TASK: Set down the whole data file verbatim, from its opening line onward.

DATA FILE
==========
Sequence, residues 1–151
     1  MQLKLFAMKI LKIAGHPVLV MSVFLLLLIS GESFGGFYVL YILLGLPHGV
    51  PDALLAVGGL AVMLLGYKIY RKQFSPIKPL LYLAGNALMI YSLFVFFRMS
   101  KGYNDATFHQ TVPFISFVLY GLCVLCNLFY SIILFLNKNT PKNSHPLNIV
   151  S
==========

Sequence, residues 1–151
     1  MQLKLFAMKI LKIAGHPVLV MSVFLLLLIS GESFGGFYVL YILLGLPHGV
    51  PDALLAVGGL AVMLLGYKIY RKQFSPIKPL LYLAGNALMI YSLFVFFRMS
   101  KGYNDATFHQ TVPFISFVLY GLCVLCNLFY SIILFLNKNT PKNSHPLNIV
   151  S